Nine Reasons Your Lists Aren't Working
Selects can get expensive, so using them wisely is important. Apply too many selects and you cut the available universe and limit roll-out potential, but too few selects can yield names that won't respond and never would.
Test many selects to feel confident that the prospect target matches your customer profile without limiting potential rollout and driving select fees up.
#7: You're Playing Favorites
How you rank files in the merge/purge process can play a huge role in a list's performance. Consider the example of a cataloger that uses names from a cooperative database as well as lists acquired through its brokerage partner directly from list owners. If the cataloger ranks the co-op higher than the names from the title-specific lists, the co-op names will win out in the merge. The result is that the co-op names appear to perform much better in a comparison. Not only are these names modeled, but these "better" prospects are now purged from another title, leaving the title with "weaker" names overall. Sidestep this pitfall by ranking all outside lists equally or "random" in the merge so that each list has just as much of a chance to keep the name as the next.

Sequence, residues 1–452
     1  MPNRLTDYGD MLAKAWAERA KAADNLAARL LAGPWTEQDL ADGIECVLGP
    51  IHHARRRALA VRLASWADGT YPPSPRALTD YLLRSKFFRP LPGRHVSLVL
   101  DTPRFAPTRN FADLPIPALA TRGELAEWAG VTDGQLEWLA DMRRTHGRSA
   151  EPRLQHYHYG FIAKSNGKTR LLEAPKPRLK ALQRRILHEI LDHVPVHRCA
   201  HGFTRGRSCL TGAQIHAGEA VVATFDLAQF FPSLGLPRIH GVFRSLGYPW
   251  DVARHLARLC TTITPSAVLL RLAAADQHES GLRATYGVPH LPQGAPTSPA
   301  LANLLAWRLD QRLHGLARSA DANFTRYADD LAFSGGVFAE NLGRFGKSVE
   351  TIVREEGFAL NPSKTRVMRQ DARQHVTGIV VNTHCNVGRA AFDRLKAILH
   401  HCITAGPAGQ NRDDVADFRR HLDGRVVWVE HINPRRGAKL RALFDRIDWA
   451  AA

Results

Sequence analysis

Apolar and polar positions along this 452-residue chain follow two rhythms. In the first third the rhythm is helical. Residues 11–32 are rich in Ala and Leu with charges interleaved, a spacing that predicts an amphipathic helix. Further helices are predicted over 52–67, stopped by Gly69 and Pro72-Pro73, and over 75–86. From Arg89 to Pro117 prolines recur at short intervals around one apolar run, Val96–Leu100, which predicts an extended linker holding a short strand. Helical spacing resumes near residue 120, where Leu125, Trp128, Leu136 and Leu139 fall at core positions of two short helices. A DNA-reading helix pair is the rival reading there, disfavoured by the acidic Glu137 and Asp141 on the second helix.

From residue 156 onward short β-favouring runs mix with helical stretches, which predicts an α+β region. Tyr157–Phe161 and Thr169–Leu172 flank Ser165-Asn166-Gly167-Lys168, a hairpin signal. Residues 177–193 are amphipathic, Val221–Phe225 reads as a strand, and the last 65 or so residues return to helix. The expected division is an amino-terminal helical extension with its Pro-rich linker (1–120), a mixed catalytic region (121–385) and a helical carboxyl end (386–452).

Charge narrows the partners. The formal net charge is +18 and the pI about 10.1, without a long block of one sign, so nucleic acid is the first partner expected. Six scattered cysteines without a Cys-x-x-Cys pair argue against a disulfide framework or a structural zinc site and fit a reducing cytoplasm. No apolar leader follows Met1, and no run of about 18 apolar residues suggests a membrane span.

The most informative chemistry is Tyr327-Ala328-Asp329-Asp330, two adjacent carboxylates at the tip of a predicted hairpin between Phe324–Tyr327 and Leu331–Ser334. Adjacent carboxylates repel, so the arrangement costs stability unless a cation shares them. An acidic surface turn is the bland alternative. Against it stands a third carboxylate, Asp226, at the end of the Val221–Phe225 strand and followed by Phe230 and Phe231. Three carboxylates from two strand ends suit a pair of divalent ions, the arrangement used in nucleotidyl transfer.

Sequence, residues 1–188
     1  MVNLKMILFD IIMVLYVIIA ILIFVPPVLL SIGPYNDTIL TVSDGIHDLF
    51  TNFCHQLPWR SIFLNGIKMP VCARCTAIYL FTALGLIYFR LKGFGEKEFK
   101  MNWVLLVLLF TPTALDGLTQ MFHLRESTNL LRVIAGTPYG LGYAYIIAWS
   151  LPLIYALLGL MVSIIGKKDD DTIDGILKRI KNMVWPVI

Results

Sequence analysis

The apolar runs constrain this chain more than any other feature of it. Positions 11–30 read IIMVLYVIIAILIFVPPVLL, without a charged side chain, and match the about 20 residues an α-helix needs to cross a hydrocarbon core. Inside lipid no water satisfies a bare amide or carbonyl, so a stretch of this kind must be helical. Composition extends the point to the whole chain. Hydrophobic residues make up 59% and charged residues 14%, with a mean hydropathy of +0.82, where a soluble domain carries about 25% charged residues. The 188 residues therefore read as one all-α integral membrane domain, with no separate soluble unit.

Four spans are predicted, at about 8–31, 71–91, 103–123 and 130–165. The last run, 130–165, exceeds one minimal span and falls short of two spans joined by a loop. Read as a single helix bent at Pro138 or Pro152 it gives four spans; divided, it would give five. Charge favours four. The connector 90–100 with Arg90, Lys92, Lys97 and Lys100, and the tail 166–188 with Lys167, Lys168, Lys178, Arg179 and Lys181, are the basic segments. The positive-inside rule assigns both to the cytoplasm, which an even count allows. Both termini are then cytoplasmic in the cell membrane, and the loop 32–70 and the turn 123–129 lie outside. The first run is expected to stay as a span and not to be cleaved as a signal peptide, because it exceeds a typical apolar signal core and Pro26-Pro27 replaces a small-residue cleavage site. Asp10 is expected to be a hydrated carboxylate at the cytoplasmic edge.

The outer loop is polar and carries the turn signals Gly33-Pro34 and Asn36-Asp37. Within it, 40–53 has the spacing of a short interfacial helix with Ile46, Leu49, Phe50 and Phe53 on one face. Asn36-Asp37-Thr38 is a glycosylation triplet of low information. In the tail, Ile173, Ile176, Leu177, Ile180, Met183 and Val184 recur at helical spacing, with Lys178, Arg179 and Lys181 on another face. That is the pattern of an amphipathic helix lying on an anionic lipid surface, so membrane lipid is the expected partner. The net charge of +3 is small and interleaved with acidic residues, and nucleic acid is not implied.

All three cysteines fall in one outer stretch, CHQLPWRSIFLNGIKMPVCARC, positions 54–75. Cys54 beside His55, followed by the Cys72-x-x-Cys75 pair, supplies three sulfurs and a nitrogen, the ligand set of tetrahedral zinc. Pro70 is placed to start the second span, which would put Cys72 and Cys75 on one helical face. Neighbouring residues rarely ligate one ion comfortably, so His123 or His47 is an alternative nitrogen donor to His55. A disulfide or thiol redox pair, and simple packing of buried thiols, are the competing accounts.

#8: You're Looking for Bears in the Desert
Maybe the reason your lists aren't working is because you're looking for mail-order buyers on lists that aren't composed of mail-order buyers. In some applications it's difficult to find lists of known mail-order buyers, but catalogers should always try to find them if possible. The key is to go after the buyers first and move down from there.
#9: They Just Aren't Who They Used to Be
Imagine if Wolferman's English Muffins changed the direction of its business and became Wolferman's German Schnitzels. It seems only logical that the profile of its "typical" customer would change too, right?